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Author Topic: The land before the RS-97?  (Read 632 times)

ElTopo (OP)

  • Posts: 10
The land before the RS-97?
« on: January 24, 2021, 02:53:44 pm »
I was looking for a thread that explained this but I couldn't find anything. I'm trying to understand what the landscape looked like just before the RS-97 hit the market as I wanna make a video about my unit :]

It comes to my understanding that the industry of chinese/emulation handheld consoles was in the brink of extinction as way more expensive devices such as the GCW Zero (and others that i don't remember) weren't able to compete against readily available android emulation of the time. But it was the RS-97 that almost single handedly revitalized the industry of affordable chinese consoles. Is this statement wrong? There has to be more to it than that, right?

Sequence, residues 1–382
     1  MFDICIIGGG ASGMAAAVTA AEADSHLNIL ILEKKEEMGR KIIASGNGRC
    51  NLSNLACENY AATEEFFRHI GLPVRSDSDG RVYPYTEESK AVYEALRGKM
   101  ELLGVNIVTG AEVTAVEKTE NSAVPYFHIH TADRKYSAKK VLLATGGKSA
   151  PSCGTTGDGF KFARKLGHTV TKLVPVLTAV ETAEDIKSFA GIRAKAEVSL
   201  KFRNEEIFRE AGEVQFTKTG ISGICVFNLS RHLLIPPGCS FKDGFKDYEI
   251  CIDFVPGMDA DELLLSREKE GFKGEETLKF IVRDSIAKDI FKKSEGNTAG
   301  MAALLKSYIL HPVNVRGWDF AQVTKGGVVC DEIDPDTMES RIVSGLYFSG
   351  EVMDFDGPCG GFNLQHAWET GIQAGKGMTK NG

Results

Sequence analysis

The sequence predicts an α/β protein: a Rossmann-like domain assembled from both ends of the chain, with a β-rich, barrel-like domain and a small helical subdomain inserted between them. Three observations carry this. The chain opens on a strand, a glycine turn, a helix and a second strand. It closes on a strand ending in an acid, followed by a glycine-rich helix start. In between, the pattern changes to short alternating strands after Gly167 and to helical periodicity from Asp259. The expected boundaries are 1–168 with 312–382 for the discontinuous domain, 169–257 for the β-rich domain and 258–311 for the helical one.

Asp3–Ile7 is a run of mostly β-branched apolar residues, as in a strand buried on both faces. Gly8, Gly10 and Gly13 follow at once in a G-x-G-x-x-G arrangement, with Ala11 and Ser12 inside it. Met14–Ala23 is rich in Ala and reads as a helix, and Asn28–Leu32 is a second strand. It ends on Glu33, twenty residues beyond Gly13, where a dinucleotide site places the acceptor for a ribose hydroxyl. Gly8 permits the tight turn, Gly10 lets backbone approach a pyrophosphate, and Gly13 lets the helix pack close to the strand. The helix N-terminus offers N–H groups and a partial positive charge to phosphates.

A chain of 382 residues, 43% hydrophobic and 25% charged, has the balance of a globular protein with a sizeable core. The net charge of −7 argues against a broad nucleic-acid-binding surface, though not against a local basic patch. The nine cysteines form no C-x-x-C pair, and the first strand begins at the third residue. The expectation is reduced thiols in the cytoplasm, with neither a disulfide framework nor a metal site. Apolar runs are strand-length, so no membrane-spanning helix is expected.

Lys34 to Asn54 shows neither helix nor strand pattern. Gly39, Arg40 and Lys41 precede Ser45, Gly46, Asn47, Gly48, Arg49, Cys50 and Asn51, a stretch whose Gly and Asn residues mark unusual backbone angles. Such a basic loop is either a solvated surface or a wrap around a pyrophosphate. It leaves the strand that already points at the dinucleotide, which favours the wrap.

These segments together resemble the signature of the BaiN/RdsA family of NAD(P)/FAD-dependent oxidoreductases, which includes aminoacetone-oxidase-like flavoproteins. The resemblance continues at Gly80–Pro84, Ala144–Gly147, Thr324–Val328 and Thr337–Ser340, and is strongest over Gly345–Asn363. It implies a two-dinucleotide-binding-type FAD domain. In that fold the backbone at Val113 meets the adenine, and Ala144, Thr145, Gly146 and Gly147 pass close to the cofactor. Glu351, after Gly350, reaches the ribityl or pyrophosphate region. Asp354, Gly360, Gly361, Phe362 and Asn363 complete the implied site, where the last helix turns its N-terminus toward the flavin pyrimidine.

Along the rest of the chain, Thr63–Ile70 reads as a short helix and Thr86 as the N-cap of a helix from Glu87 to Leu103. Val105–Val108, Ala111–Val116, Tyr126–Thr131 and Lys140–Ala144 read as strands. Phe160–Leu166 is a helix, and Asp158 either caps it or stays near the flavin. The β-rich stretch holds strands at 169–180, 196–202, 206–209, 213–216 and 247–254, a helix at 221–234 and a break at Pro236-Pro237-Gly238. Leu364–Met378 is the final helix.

Or in other words: Is the RS-97 as disruptive as I think it was? Or was it just another one of the bunch?
Devices:
RS-97 v2.1 (modded)

Also, if you're into Genesis stuff, check out my music!
www.youtube.com/sparkster7744

LauweLoempia

  • Posts: 138
Re: The land before the RS-97?
« Reply #1 on: January 24, 2021, 03:38:30 pm »
Although I can't directly answer your question, for me the opensource handheld scene did went through some phases. I have  most opensource handhelds since the GP32 blu around 2002. In those days these handhelds were expensive: around the same price or even more than their triple A counterparts. So eventhough the GP32 was more expensive than a GBA, it could do a whole lot more! This situation changed with the GP2X as the PSP was quickly hacked and  could also run emulators. I'm not sure but I think the GPWiz and Cannoo sold even worse and hence GPH stoppen making opensource handhelds altogether.